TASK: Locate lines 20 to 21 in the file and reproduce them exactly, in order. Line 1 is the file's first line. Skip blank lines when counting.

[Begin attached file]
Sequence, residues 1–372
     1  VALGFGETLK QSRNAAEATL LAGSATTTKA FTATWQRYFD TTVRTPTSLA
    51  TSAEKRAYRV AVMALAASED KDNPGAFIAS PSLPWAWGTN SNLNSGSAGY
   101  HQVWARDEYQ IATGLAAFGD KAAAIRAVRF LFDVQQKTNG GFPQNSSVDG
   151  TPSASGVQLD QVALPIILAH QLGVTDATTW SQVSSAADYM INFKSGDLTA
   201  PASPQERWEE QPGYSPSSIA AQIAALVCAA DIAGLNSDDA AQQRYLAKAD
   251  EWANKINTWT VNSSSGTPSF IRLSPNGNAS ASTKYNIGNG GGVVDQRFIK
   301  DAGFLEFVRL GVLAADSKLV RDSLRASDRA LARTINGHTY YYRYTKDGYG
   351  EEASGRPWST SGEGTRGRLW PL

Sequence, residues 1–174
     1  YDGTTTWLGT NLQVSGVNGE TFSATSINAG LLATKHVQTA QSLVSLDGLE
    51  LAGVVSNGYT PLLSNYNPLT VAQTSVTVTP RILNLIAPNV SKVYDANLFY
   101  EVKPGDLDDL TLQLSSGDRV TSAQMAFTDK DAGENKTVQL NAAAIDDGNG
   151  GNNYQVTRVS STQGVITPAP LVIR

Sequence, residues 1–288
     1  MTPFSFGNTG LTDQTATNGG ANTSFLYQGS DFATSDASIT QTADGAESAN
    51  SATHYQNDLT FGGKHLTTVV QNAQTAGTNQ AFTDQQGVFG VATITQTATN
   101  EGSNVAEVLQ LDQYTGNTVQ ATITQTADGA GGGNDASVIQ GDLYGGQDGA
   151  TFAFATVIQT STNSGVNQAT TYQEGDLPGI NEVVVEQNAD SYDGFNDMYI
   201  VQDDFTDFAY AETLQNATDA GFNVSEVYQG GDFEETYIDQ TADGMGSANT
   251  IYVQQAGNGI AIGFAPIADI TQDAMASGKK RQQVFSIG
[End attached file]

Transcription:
   201  VQDDFTDFAY AETLQNATDA GFNVSEVYQG GDFEETYIDQ TADGMGSANT
   251  IYVQQAGNGI AIGFAPIADI TQDAMASGKK RQQVFSIG